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172 Page Ruling Clears AT&T - Time Warner Merger

By George Khoury, Esq. | Last updated on

The District of Columbia federal district court just ruled that the AT&T merger with Time Warner can move forward. The deal had been on hold for nearly a year and a half, and the massive ruling explicitly stated that if the government sought to stay the ruling pending appeal, the court would deny that motion.

While this merger has been a lightning rod for controversy since being announced in 2016, it seems that all the hoopla was for naught. The district court's opinion placed no conditions on the merger, unlike prior mergers between exclusive content license holders and media networks.

What's the Big Deal?

Though the federal court may not have found the merger to violate antitrust law, it certainly laid out the many different scenarios by which AT&T and Time Warner, and the companies each own, could collude to effectively extort money out of consumers and other distributors or act in anti-competitive ways.

One such scenario involved restricting other distributors from using HBO, which is owned by Time Warner, to promote their services. However, at every turn, including the HBO challenge (which the court called "gossamer thin") the court seemed to side with the companies, finding the government just frankly lacked good evidence, while the companies had all the answers.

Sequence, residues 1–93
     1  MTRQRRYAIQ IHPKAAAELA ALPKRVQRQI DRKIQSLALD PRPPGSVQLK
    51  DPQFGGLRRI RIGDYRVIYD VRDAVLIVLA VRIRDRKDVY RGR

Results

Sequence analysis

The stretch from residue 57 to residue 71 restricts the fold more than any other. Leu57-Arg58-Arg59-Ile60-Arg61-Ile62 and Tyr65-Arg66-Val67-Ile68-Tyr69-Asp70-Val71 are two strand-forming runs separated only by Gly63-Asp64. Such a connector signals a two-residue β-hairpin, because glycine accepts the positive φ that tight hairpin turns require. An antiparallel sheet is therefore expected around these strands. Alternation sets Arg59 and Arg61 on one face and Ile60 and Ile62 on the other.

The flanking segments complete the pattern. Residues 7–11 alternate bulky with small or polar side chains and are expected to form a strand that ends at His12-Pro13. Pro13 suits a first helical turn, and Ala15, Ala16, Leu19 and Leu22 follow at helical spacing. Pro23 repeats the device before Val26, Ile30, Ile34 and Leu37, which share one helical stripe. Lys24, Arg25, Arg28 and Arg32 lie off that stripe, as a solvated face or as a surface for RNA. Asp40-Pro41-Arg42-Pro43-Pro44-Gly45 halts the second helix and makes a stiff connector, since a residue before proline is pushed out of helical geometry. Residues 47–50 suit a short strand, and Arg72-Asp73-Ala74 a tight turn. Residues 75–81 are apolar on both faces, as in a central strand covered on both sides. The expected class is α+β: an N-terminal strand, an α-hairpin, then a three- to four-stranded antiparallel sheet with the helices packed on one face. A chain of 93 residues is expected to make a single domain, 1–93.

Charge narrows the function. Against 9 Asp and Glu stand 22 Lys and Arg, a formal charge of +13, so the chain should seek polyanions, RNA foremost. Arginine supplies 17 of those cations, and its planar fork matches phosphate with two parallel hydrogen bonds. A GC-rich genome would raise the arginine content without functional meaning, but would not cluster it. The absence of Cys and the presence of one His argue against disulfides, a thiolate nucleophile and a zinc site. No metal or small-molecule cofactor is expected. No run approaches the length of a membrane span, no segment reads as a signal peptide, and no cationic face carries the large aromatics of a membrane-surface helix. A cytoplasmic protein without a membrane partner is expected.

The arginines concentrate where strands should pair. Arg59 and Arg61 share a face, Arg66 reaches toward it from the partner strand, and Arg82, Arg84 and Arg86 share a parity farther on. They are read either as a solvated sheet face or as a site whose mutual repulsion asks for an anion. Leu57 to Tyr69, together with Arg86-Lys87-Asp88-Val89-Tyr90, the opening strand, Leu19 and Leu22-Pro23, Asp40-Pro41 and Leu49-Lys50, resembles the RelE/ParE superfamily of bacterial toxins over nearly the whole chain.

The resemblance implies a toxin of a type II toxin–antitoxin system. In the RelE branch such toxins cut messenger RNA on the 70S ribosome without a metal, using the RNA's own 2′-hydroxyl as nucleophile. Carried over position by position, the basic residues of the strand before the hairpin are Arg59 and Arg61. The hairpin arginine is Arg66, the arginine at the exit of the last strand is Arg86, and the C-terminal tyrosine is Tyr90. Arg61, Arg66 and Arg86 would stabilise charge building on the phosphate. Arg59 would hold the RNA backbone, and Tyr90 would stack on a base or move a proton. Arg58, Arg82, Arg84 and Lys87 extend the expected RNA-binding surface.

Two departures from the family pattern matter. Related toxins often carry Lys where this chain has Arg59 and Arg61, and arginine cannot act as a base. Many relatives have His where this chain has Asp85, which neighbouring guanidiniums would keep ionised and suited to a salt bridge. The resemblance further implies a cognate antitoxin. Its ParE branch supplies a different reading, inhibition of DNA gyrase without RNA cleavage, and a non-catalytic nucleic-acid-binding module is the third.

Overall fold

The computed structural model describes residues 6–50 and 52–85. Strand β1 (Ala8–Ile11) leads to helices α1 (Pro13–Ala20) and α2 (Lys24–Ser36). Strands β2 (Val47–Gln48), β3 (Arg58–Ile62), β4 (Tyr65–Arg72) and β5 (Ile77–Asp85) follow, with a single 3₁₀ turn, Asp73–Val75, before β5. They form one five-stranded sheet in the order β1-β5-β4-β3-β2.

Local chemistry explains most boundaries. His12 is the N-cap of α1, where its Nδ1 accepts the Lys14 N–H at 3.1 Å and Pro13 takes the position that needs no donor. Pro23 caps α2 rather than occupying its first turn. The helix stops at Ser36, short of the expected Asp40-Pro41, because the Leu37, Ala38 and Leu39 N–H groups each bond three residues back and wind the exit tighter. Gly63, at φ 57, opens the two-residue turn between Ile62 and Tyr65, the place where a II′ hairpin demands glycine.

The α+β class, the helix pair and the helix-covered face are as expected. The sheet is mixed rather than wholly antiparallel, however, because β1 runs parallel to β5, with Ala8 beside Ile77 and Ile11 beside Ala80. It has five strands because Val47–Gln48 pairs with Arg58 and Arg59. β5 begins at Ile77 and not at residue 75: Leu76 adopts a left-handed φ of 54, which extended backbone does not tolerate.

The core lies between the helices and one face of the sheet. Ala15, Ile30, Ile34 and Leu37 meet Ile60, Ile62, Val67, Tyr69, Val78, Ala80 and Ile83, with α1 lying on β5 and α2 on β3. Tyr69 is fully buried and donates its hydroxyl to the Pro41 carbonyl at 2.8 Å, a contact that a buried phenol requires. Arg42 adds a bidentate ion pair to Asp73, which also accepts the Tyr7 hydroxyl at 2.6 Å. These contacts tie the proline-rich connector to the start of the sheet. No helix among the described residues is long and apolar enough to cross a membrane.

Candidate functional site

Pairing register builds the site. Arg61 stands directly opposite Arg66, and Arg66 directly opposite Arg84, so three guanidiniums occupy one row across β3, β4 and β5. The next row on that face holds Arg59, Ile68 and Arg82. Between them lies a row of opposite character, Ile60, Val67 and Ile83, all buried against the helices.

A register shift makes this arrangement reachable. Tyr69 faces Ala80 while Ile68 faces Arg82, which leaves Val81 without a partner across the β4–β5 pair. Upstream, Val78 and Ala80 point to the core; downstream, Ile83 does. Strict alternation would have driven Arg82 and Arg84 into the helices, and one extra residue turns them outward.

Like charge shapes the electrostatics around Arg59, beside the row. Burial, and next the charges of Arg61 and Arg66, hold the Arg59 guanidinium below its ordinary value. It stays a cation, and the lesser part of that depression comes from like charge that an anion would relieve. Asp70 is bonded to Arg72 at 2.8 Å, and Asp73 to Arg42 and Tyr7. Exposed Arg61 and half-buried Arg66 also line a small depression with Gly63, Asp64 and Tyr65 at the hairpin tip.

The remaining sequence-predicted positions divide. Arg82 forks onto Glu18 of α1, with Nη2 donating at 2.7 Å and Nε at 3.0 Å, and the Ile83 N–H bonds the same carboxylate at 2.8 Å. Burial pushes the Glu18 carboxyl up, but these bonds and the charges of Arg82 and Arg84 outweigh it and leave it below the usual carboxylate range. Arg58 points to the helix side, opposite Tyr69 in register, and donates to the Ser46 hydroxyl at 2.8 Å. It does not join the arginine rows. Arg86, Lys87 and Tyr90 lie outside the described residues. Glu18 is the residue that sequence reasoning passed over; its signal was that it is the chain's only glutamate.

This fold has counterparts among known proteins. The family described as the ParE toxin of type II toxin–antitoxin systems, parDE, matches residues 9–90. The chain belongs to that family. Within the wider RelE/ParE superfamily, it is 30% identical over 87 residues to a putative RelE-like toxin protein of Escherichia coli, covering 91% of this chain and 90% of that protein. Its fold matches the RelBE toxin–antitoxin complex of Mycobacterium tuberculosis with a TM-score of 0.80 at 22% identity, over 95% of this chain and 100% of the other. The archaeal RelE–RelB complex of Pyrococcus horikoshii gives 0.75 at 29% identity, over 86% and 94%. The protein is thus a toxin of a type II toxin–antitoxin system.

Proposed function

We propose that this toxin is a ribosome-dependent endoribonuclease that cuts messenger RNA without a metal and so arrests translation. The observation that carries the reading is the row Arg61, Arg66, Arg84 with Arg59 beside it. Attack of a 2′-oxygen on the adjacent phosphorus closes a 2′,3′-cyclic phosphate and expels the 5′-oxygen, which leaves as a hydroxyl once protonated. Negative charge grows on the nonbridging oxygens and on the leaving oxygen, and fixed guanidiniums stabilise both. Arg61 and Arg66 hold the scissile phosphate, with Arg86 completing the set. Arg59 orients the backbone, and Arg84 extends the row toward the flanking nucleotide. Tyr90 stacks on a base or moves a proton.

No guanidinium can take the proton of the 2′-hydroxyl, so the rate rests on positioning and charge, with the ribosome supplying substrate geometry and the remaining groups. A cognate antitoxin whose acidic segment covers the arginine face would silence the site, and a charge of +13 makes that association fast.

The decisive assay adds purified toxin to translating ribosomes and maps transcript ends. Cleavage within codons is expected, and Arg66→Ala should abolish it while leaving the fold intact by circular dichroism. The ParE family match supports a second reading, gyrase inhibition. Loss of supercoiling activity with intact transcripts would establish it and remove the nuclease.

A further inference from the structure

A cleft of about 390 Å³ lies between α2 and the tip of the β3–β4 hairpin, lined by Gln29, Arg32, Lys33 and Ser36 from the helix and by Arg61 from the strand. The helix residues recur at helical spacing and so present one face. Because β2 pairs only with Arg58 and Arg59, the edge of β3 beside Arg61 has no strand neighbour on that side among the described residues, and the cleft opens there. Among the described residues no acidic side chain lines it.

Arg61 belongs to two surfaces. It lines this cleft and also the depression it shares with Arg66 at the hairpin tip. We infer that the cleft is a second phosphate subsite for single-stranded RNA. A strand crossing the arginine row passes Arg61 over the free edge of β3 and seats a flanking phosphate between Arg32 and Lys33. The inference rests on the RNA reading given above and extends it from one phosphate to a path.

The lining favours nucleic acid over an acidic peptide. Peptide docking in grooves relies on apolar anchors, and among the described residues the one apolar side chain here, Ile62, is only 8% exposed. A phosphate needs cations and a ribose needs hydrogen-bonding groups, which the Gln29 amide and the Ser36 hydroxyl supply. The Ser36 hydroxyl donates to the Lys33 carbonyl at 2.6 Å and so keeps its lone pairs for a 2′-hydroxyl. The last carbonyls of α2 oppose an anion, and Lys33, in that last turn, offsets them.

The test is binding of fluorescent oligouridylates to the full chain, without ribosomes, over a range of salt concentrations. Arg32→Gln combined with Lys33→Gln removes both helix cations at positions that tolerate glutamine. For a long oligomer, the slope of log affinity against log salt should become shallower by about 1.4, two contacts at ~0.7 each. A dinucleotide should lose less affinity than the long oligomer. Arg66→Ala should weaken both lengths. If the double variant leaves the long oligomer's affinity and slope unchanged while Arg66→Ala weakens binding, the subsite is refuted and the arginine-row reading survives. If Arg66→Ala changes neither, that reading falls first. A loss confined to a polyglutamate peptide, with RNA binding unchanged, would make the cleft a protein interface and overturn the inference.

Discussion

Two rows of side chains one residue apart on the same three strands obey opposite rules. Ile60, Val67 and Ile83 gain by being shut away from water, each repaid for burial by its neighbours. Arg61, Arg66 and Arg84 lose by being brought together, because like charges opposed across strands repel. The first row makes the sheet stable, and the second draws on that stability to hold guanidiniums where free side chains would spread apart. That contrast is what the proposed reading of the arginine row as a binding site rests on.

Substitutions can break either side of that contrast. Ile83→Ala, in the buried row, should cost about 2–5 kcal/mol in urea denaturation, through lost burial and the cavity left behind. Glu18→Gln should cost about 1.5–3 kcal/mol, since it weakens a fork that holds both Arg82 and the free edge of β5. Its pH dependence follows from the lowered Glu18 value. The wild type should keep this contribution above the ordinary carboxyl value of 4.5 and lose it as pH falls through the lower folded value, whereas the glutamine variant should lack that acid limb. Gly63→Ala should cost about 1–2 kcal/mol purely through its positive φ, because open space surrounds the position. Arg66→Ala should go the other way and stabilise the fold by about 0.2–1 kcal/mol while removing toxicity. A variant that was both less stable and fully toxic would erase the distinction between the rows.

Exclamations Everywhere!

The long decision is, perhaps fortunately, broken up with interesting exclamations and quips scattered throughout, which seem to express the judge's own disbelief that the government has pursued the case this far on flimsy evidence.

At one point, the government's expert's theory is described as similar to a "Rube Goldberg contraption," but then goes on to seemingly apologize to Rube Goldberg for the comparison: "But in all fairness to Mr. Goldberg, at least his contraptions would normally move a pea from one side of the room to another."

For example, at one point, the court states: "Nowhere does the government explain why AT&T would ... Go Figure!" Earlier in the opinion, after citing some caselaw that didn't apply to the case, the court exclaims: "Not so here!"

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